Persian Palm, Portadora, Alocasia
Alocasia 'Portora'

Family: Araceae (a-RAY-see-ee) (Info)
Genus: Alocasia (a-loh-KAY-see-uh) (Info)
Cultivar: Portora
Hybridized by Garner
Synonym:Alocasia portidora
Synonym:Alocasia portadora
Synonym:Alocasia portodora
Synonym:Alocasia x portora

Category:

Ponds and Aquatics

Tropicals and Tender Perennials

Foliage Color:

Unknown - Tell us

Bloom Characteristics:

Unknown - Tell us

Water Requirements:

Requires consistently moist soil; do not let dry out between waterings

Very high moisture needs; suitable for bogs and water gardens

Where to Grow:

Unknown - Tell us

Height:

6-8 ft. (1.8-2.4 m)

Spacing:

4-6 ft. (1.2-1.8 m)

Hardiness:

USDA Zone 7b: to -14.9 C (5 F)

USDA Zone 8a: to -12.2 C (10 F)

USDA Zone 8b: to -9.4 C (15 F)

USDA Zone 9a: to -6.6 C (20 F)

USDA Zone 9b: to -3.8 C (25 F)

USDA Zone 10a: to -1.1 C (30 F)

USDA Zone 10b: to 1.7 C (35 F)

USDA Zone 11: above 4.5 C (40 F)

Sun Exposure:

Sun to Partial Shade

Light Shade

Danger:

All parts of plant are poisonous if ingested

Handling plant may cause skin irritation or allergic reaction

Bloom Color:

Maroon (Purple-Brown)

Bloom Time:

Mid Spring

Late Spring/Early Summer

Mid Fall

Late Fall/Early Winter

Foliage:

Grown for foliage

Herbaceous

Other details:

Unknown - Tell us

Soil pH requirements:

6.1 to 6.5 (mildly acidic)

6.6 to 7.5 (neutral)

Patent Information:

Non-patented

Propagation Methods:

By dividing rhizomes, tubers, corms or bulbs (including offsets)

Seed Collecting:

N/A: plant does not set seed, flowers are sterile, or plants will not come true from seed

Regional

This plant has been said to grow in the following regions:

Millbrook, Alabama

Montgomery, Alabama

Hayward, California

Martinez, California

Reseda, California

Van Nuys, California

Cape Coral, Florida

Eustis, Florida

Homestead, Florida

Miami, Florida

Mulberry, Florida

Santa Rosa Beach, Florida

Umatilla, Florida

Winter Haven, Florida

Hawkinsville, Georgia

Savannah, Georgia

Effingham, Illinois

Glen Ellyn, Illinois

Falmouth, Massachusetts

Gulfport, Mississippi

Huntersville, North Carolina

New London, North Carolina

Supply, North Carolina

Oklahoma City, Oklahoma

Portland, Oregon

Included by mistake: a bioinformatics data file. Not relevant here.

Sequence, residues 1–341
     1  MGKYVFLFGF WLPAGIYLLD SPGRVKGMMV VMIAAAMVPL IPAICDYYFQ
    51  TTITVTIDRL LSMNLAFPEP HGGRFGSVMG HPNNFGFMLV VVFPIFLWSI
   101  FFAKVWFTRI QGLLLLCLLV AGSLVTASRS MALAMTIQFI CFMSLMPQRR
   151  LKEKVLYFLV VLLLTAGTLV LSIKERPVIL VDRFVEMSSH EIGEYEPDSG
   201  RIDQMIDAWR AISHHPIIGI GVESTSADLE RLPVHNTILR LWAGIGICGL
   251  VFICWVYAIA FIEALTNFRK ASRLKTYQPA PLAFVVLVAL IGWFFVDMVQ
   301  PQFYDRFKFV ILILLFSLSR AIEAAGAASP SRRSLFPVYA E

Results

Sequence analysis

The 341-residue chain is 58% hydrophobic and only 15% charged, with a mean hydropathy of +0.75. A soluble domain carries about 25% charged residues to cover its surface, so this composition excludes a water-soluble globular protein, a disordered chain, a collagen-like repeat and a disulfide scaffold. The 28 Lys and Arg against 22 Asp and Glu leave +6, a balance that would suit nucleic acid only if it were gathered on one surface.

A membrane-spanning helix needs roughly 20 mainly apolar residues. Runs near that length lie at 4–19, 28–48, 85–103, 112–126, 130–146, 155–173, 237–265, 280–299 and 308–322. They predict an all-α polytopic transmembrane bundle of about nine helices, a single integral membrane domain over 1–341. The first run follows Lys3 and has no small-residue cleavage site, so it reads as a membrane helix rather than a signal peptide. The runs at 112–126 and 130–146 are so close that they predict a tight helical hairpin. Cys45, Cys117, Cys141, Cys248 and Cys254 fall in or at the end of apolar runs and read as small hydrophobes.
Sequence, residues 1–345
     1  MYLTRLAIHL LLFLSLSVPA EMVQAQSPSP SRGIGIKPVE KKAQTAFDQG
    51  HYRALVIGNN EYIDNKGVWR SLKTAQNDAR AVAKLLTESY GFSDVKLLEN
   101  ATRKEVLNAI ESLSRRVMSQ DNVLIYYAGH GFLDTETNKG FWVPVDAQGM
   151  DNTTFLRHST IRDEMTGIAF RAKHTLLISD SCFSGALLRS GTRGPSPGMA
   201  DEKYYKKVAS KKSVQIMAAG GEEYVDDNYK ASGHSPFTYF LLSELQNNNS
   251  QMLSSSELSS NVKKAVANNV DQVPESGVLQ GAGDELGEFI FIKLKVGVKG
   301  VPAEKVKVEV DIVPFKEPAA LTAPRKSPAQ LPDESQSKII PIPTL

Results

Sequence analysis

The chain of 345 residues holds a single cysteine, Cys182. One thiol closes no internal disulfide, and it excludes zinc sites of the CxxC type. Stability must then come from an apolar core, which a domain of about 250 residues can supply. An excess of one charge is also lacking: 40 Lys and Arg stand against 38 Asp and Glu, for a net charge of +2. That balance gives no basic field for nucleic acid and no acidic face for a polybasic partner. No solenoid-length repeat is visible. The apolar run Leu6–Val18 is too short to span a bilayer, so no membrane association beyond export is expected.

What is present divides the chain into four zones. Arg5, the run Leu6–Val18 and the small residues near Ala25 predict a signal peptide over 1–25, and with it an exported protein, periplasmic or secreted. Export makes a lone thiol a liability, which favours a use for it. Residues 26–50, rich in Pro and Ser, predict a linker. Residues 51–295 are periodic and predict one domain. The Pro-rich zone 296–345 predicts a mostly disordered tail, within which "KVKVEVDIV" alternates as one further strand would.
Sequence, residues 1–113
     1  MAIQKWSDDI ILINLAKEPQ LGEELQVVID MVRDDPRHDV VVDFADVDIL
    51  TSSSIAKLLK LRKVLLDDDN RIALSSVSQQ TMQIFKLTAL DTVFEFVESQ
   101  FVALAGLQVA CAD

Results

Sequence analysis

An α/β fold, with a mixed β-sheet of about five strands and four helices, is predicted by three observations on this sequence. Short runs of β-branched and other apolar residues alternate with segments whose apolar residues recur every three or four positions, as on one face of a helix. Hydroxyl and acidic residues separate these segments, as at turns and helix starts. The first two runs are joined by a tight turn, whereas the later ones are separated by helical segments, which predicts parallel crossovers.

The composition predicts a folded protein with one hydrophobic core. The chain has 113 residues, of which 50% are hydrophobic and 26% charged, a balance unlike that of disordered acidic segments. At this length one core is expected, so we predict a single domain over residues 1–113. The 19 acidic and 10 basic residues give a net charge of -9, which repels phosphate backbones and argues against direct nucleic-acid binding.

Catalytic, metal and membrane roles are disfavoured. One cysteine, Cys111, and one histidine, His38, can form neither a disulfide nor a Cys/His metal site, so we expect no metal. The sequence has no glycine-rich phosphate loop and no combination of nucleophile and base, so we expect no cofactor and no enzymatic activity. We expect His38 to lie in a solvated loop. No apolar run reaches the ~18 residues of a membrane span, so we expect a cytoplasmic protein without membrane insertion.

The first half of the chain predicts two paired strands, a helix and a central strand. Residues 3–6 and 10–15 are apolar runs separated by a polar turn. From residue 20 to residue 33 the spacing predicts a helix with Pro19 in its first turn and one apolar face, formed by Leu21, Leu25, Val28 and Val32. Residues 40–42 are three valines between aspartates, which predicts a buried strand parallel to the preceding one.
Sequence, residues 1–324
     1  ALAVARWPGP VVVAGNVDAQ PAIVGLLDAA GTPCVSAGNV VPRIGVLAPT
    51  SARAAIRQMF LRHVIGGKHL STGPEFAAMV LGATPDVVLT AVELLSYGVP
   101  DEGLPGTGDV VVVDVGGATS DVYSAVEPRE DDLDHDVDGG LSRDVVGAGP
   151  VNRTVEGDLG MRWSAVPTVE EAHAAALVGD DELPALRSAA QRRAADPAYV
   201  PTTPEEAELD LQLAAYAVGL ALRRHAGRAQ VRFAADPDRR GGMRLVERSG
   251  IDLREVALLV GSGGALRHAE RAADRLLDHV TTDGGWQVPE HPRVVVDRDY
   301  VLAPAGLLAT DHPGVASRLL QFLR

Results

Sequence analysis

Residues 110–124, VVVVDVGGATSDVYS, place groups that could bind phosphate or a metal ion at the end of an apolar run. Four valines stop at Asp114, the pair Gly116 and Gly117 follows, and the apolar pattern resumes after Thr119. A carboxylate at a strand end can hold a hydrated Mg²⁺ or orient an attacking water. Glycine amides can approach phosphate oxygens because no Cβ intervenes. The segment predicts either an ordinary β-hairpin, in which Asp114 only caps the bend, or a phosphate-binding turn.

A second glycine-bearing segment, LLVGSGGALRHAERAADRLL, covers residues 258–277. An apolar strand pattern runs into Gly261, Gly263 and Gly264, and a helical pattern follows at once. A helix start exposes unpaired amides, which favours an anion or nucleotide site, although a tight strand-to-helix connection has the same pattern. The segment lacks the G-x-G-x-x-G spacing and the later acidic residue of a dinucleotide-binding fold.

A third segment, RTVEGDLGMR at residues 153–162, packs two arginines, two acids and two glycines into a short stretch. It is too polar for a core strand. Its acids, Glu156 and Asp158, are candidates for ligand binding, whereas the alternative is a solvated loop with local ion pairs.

Bluffton, South Carolina

Murrells Inlet, South Carolina

Summerville, South Carolina

Sumter, South Carolina

Clarksville, Tennessee

Laneville, Texas

Red Oak, Texas

Spring Branch, Texas

Sugar Land, Texas

Jonesville, Virginia

Leesburg, Virginia

show all

Gardeners' Notes:

2
positives
1
neutral
0
negatives
RatingContent
Positive

On Aug 22, 2013, Leesto from Los Angeles, CA (Zone 10a) wrote:

I planted this in a pot which I placed on my patio in Southern California. In 5 months it went from 2 ft. tall to at least 7 ft. It is on the south side of my house where it gets an hour or two of sun in the morning but is shaded the rest of the day. Through the heat of August (95 to 100 degrees) it needs water a couple times a day. Every week or so I give it a dose of liquid fertilizer. People always notice it and comment. It's quite the specimen!

Positive

On Jun 21, 2008, glen74 from Effingham, IL (Zone 5b) wrote:

If I had to pick my 10 favorite tropicals, Alocasia 'Portora' would be among the top 5. I was first introduced to this wonderful plant when it was a new selection from Plant Delights Nursery around 2000-2001, perhaps 2002. I received a very healthy specimen, small, but nice. It was actually my first introduction to the world of elephant ears. I planted it in a large 15 gallon container and that first season it grew to around 4-5 feet in height. It produced several daughter bulbs close to the mother plant and they all grew very large. It was an amazingly beautiful plant. Leaves are large and thick, and seemed to hold up well in the wind. If you want a tropical feel to a patio, try this one. It is very easy to grow in my experience and has a great tall architectural form. I successfully over... read more

Neutral

On Jan 20, 2006, Suze_ from (Zone 7b) wrote:

The superb alocasia hybrid was selected by Ron Weeks, from seedlings of a cross made by LariAnn Garner of Aroidia Research. This hybrid of A. odora x A. portei makes a stunning upright clump that is essentially an improved A. macrorrhizos. Each giant, green, heavily scalloped leaf is held sturdily upright atop the thick, muscular purple stalks. This is truly an architectural specimen plant for any garden. As with all elephant ears, a moist rich organic soil is best. A good thick winter mulch helps prevent rot in cold wet soils.